Gratitude is an emotion that signals our recognition of the things others have done for us. Interestingly, we generally don’t feel gratitude when things are done through exchange, effort or achievement, but when they are unexpected or undeserved acts of kindness. When we feel thankful, we show our appreciation and return kindness to others.
As the Thanksgiving holiday approaches in the US, and a well-deserved break for educators, teachers may be spending time in their classrooms appreciating each other and cultivating a culture of gratitude. If you need ideas, check out these lessons for tweens and teens or these 30 activities for K-8 students. While gratitude is built into the Thanksgiving season, you can and should practice gratitude in your classroom all year long.
Over the past decade, research has shown that practicing gratitude has great social, physical and psychological benefits; increased happiness and life satisfaction, stronger immune systems or reduced anxiety and depression are just a few examples of how practicing gratitude can improve our lives.
We can feel happier, be healthier and stay more connected to others by making gratitude part of our lives.
Gratitude has three dimensions:
Gratitude begins with an increased awareness of our own experiences, by looking within and paying attention to the small moments. As we become more mindful, we realize that we have choices when it comes to our emotions, thoughts and the way we perceive our surroundings.
Gratitude is the expression of appreciation, when we become active by doing something to show we are thankful. According to Robert Emmons, one of the world’s leading scientific experts on gratitude, this social dimension is especially important because “it is a relationship-strengthening emotion.” It brings us closer to others and builds strong connections that fuel our ability to move forward with more resilience.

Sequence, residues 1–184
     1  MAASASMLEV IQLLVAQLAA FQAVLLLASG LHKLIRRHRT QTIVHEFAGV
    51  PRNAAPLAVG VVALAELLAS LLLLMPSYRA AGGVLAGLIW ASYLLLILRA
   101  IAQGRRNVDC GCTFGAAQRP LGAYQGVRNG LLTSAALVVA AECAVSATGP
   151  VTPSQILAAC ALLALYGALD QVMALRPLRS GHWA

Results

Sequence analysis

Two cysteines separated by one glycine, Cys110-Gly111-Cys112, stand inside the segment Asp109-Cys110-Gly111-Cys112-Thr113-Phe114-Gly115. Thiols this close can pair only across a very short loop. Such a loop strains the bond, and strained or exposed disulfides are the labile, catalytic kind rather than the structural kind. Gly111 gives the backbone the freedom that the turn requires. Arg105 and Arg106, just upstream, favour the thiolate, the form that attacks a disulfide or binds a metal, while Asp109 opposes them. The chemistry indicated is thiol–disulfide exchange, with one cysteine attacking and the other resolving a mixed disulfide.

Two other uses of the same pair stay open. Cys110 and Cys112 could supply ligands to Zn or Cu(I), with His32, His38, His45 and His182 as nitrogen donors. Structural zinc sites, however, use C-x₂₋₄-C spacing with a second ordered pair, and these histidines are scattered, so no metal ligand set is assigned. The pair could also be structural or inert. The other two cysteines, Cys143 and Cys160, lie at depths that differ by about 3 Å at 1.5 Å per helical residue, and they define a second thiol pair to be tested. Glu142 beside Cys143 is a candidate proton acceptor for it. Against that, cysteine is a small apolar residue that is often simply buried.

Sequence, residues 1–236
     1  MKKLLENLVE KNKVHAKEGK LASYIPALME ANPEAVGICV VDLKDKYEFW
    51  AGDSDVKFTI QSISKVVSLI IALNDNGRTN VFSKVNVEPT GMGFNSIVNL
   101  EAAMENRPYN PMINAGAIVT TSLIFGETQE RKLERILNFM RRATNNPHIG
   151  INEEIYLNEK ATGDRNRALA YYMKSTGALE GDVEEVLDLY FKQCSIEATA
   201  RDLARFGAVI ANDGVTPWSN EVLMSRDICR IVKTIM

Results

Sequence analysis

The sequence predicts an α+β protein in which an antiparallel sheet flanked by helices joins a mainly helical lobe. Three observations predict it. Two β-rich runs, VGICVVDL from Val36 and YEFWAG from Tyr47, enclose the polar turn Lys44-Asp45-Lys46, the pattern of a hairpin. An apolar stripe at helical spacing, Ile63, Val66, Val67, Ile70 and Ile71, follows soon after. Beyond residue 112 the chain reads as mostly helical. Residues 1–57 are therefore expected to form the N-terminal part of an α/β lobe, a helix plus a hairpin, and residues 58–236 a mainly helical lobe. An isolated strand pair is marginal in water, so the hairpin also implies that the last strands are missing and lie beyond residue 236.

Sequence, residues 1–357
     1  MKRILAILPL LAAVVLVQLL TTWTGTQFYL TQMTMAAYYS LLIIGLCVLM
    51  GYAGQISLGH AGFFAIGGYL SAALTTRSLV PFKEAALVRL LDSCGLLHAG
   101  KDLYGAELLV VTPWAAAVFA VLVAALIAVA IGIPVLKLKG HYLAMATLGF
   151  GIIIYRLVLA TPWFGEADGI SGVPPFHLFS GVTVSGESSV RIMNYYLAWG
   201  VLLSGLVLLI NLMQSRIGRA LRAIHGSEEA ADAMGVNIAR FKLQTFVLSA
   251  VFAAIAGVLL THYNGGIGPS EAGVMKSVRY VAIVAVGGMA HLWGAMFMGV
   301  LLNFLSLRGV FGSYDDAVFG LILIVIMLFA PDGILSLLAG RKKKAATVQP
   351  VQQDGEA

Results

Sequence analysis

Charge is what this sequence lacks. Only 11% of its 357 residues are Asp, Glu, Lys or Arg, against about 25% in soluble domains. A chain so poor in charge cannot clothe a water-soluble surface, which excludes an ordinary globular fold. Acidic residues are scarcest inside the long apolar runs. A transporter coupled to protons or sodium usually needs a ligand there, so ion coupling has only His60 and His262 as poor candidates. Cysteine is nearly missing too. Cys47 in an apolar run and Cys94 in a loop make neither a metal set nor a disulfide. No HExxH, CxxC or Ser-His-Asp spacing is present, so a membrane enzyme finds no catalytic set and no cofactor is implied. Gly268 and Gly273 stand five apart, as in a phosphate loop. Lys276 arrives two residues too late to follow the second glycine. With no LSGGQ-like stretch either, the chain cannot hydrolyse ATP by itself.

Gratitude is an intentional appreciation of the self–who we are as individuals, our strengths and all the people who have contributed to who we are. In this post, I share strategies to help you cultivate a grateful mindset for self.
I want to take this opportunity to appreciate the team that made possible the publication of Pedagogía con corazón, the Spanish translation of Teaching with the HEART in Mind, and all my advanced readers. Getting this second book out into the world has challenged my perseverance, and I couldn’t have done it without all the love and support. It has been energizing to engage with educators in Spain, Mexico and Chile, and share my belief in a better educational model for our children, teachers and families. The work continues.
My deep appreciation also goes to you, my readers and SEL advocates. I am grateful for the many educators who are committed to improving their classrooms by leading and teaching with their HEARTs. It is not an easy task, but one that has meaningful and long-lasting impact on students, families and other educators. I see you and appreciate you.
Wishing you all a safe and restful Thanksgiving holiday.